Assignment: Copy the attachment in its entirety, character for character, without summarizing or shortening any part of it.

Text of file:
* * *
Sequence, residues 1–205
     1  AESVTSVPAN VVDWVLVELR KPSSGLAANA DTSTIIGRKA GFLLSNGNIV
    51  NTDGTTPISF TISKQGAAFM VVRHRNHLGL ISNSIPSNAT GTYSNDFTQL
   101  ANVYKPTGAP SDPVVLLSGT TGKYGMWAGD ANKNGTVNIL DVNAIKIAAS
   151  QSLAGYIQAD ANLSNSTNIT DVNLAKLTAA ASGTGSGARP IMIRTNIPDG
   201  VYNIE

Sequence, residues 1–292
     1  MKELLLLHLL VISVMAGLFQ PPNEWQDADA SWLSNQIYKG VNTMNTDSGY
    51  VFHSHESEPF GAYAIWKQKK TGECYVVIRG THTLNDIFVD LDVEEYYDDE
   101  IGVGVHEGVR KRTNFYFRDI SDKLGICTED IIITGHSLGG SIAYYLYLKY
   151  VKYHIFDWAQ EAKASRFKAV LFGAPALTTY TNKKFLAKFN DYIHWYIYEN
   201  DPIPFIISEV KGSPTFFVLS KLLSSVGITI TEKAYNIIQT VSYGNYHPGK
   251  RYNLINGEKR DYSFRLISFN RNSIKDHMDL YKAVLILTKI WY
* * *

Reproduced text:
Sequence, residues 1–205
     1  AESVTSVPAN VVDWVLVELR KPSSGLAANA DTSTIIGRKA GFLLSNGNIV
    51  NTDGTTPISF TISKQGAAFM VVRHRNHLGL ISNSIPSNAT GTYSNDFTQL
   101  ANVYKPTGAP SDPVVLLSGT TGKYGMWAGD ANKNGTVNIL DVNAIKIAAS
   151  QSLAGYIQAD ANLSNSTNIT DVNLAKLTAA ASGTGSGARP IMIRTNIPDG
   201  VYNIE

Sequence, residues 1–292
     1  MKELLLLHLL VISVMAGLFQ PPNEWQDADA SWLSNQIYKG VNTMNTDSGY
    51  VFHSHESEPF GAYAIWKQKK TGECYVVIRG THTLNDIFVD LDVEEYYDDE
   101  IGVGVHEGVR KRTNFYFRDI SDKLGICTED IIITGHSLGG SIAYYLYLKY
   151  VKYHIFDWAQ EAKASRFKAV LFGAPALTTY TNKKFLAKFN DYIHWYIYEN
   201  DPIPFIISEV KGSPTFFVLS KLLSSVGITI TEKAYNIIQT VSYGNYHPGK
   251  RYNLINGEKR DYSFRLISFN RNSIKDHMDL YKAVLILTKI WY